Please join us as we make plans to take over the world. If you attend the March Nerd Nite, you will learn how to build a nuclear fusion reactor, how to manipulate vast swaths of data to generate art (or whatever your little heart desires), and how to harness the power of the pig nose to become vastly wealthy.
Wednesday, March 14, 2012
doors at 7:00, show at 7:30
Frankford Hall at Frankford & Girard
For your edification:
“DIY Nuclear Fusion or: How I Learned to Stop Worrying and Love Particle Physics” by Ian Gallagher
Most of what is heard nowadays regarding advances in high-energy physics takes place in enormous, far-off laboratories that are far removed from our everyday realm; however, this was not always the case. Many advances in our understanding of physics were undertaken by a handful of scientists, often demonstrated using completely self-constructed apparatuses. Several of these experiments can be – and have been – undertaken by resourceful individuals, using what more or less amounts to spare parts. This presentation will highlight a bit of the rich history of nuclear/particle physics, and give a brief overview of how to [safely] construct a nuclear fusion reactor.
Bio: Ian Gallagher is a senior at Drexel University, studying Electrical Engineering, and is part of a small team developing and constructing an all-electric car for competition in the 2012 Formula Hybrid competition. He has a great desire to learn how things work, and loves to tinker with all sorts of machines. Aside from his academic pursuits, he is an avid mountain biker. There is more to his life than just these things, but he’s been so busy lately that they’ve momentarily slipped from his mind.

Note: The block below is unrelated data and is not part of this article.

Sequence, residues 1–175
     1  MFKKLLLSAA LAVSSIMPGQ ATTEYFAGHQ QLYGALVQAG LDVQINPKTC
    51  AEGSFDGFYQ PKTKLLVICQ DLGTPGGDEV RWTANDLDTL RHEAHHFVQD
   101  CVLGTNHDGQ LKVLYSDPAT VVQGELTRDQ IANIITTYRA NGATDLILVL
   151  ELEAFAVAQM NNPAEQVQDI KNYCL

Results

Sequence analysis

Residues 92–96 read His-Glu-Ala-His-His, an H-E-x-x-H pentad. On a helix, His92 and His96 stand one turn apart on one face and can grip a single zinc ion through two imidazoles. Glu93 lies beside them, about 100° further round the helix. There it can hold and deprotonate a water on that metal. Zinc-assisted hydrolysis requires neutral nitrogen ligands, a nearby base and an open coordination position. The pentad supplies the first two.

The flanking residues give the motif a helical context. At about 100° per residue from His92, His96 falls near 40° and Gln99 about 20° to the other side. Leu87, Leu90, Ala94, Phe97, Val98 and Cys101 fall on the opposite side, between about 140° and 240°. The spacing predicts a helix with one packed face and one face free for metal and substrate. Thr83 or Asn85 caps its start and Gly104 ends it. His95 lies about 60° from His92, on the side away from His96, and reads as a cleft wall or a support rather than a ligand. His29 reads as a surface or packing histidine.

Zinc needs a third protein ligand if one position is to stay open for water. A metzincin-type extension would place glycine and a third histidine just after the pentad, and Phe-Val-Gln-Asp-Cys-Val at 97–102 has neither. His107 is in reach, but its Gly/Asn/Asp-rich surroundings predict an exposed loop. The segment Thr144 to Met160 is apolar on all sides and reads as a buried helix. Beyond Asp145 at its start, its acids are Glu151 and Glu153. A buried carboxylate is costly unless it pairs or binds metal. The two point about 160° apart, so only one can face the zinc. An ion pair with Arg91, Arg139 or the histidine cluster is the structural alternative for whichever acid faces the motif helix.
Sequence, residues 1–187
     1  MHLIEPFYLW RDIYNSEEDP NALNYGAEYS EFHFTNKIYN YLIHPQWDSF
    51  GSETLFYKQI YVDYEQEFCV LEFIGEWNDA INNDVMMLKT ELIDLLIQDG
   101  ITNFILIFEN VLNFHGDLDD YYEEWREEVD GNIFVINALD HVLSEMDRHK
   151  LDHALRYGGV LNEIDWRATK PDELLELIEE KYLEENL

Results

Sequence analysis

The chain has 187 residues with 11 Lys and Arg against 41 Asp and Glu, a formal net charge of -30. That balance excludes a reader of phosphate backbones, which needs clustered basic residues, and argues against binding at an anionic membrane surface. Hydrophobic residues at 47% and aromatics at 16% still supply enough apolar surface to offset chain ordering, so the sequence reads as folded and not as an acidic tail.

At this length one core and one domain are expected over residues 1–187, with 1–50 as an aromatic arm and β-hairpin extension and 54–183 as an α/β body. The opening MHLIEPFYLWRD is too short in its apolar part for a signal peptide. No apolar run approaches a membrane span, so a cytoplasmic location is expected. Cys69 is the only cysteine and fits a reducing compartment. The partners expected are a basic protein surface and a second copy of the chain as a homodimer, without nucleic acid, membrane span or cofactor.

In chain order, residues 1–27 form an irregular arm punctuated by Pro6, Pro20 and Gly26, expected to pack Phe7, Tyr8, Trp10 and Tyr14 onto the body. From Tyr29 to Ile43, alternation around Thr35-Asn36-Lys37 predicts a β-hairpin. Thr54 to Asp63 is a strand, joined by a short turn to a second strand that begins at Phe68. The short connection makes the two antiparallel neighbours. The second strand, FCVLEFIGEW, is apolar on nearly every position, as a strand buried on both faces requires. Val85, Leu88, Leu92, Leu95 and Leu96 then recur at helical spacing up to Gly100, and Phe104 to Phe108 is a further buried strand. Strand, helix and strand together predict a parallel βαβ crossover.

“Data as Art” by David Clayton
Data is everywhere, it is constantly being collected, filtered, organized, searched, filed, archived, and deleted. More and more, artists and designers are exploring the unique aspects of data as a mode of creative expression.
Bio: As curator of programs for Breadboard at the Science Center, David Clayton plays at the intersection of Art and Technology. The program explores creative applications of technology in art. He also co-organizes Ignite Philly and still dreams of being an astronaut.
“Pigs, Pits and Peccadilloes” by Marcia Pelchat
The nose and mouth are gateways to the body and thus are essential for good nutrition. We also rely on odor cues for social interactions. Yet, as you will discover, everyone has an unique sensory world: Learn about specific anosmias (profound insensitivities to particular aromas in individuals with otherwise normal senses of smell), swine pheromones, and human sweat. Find out what Collette said about truffles and revel in the splendor – and shame – of truffle oil. Experience some revolting odors if you can. Bring tears to your eyes with asparagus pee. Learn whether you can smell your own stench or must leave that to others. What could go better with beer? (P.S. Don’t pass any pig farms on the way home.)
Bio: Marcia Pelchat is a Senior scientist at the Monell Chemical Senses Center in Philadelphia. Monell is a non-profit, multidisiplinary basic research institute where everyone studies some aspect of the chemical senses (taste and smell). Dr. Pelchat studies food cravings, learning mechanisms in food selection and the relationship of individual differences in chemosensory function to nutrition. She is a frequent public speaker and tap dancer who once dressed 27 oompa loompas. She particularly enjoys disgusting her children.
And featuring performances by: Emily Bate and Michael Knight with Amir Gollan.